This issue:

• In Living Color Exhibit- thru July 31

• Featured Artist Spotlight: Betsy Meyer, textiles extraordinaire

• July 15-  New podcast with Kenn Kotara

“In Living Color: At Home With Paint, Paper and Thread” is at Artsville at Marquee Through July

It’s time to add a little color to your life and your home! Choose your favorite color explorations with abstract paintings from Karen Stastny, woven thread with found treasures from Betsy Meyer, and transformative collage from Michelle D. Wise. Retro Pop art with augmented reality animation from Daryl Slaton and mixed media and fiber art from Louise Glickman remain on display.

Betsy Meyer’s vibrant textile creations are crafted from upcycled materials.

Featured Artists Spotlight: Fiber Artist Betsy Meyer

Unconventional tapestries carefully woven with repurposed fabrics are Asheville-based artist Betsy Meyer’s specialty. Betsy deconstructs and dyes discarded fabric and garments, and combines them with hand-spun yarn. The materials used in her artwork had a colorful past before finding a permanent home, and a future, in her vibrant creations, now showing at Artsville Collective at Marquee in the River Arts District until July 31. Betsy’s story tells of her adventure with textiles. Written by Jenna Eberhardt.

[SHAC]: Tell us about your inspiration for the work in “In Living Color: At Home with Paint, Paper, and Thread.”

[Betsy Meyer]: I am inspired by the colors and textures of the fiber I use in creating my abstract tapestry weavings and believe we benefit from having colors we respond to as an integral part of our lives. “In Living Color” is my North Star. I just love being surrounded by the colors I find in nature and use them as the basis for my work.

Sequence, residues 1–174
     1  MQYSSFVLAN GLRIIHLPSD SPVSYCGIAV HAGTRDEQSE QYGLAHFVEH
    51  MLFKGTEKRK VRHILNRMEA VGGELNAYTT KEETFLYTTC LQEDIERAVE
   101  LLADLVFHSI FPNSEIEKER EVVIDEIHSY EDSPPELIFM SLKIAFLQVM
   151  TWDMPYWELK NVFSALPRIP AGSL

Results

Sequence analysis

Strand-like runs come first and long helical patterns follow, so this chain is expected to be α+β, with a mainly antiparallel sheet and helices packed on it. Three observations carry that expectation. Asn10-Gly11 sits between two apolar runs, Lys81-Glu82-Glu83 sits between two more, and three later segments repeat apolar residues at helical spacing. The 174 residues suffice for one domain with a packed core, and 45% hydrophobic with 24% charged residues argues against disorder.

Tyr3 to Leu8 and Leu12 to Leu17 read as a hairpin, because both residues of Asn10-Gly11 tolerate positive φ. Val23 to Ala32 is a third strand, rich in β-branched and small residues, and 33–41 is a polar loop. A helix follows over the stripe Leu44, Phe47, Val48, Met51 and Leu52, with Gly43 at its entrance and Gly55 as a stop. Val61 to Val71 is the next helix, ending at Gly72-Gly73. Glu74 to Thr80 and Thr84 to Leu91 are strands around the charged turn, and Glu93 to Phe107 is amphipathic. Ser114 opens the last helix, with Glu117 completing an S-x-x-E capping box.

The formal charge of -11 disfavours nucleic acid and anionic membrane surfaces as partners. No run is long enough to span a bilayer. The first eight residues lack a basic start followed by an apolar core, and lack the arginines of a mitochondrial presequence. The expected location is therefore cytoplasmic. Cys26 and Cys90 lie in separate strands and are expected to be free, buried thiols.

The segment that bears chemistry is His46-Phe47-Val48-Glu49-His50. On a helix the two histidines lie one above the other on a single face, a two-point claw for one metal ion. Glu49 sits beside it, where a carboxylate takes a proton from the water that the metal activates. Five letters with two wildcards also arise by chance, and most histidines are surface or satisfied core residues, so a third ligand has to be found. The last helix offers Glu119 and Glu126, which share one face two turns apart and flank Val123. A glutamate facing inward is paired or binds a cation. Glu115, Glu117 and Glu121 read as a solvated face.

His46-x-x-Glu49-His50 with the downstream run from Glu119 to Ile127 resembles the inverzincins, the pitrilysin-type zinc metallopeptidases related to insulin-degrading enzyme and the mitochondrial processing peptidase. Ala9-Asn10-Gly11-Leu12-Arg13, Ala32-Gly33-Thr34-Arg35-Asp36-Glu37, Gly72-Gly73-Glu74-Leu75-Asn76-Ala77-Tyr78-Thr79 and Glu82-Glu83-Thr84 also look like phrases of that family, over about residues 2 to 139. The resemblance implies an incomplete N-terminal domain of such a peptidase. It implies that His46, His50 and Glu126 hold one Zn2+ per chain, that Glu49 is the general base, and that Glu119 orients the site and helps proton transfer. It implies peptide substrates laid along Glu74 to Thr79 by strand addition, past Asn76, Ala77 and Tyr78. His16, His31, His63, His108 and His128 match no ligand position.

[SHAC]: Where do you envision your artwork finding a home? 

[BM]: I believe the personal connections people make when they view my work speak to their inner spirit and they have just the right place for their choice;  perhaps a special spot in their home or office. These original tapestries are also interesting when they are installed as collections in corporate spaces, elder living compounds and even hospitals.

[SHAC]: How has your artwork changed through the years? 

[BM]: At first it was torture; too many opportunities to make grievous mistakes. I decided weaving was NOT for me. This changed in an instant when I stumbled upon a new weaving studio that opened near me and I learned about the Japanese philosophy of weaving! There are no mistakes, only happy accidents! 

        As a beginner, I wove traditional, horizontal pieces with color and texture creating a story but that was way too boring and I developed my own quirky techniques. Ever curious, I experiment with all kinds of ingredients that lead me down many paths…all of them fun! 

[SHAC]: What is a piece of advice that you would give other emerging artists?

[BM]: My advice to emerging artists is to follow their hearts and let their art take them on the journey. That is one tricky feat to accomplish!

Betsy’s Website:

Instagram: @betsy.meyer

Kotara hammered aluminum, communicating Braille with metal pushpins, 76×18

July 15-  New podcast with Kenn Kotara 

Kenn Kotara talks about his mixed media art, focusing on his Braille collection, and conversely teaching the visually impaired to make art. Including origami! Learning braille to hammer dots as a communication device led this artist to a better understanding of sight as these cells become compositional patterns. His positive story encourages all of us to see more clearly and create with courage. 

A gathering at Artsville in Marquee in the RAD.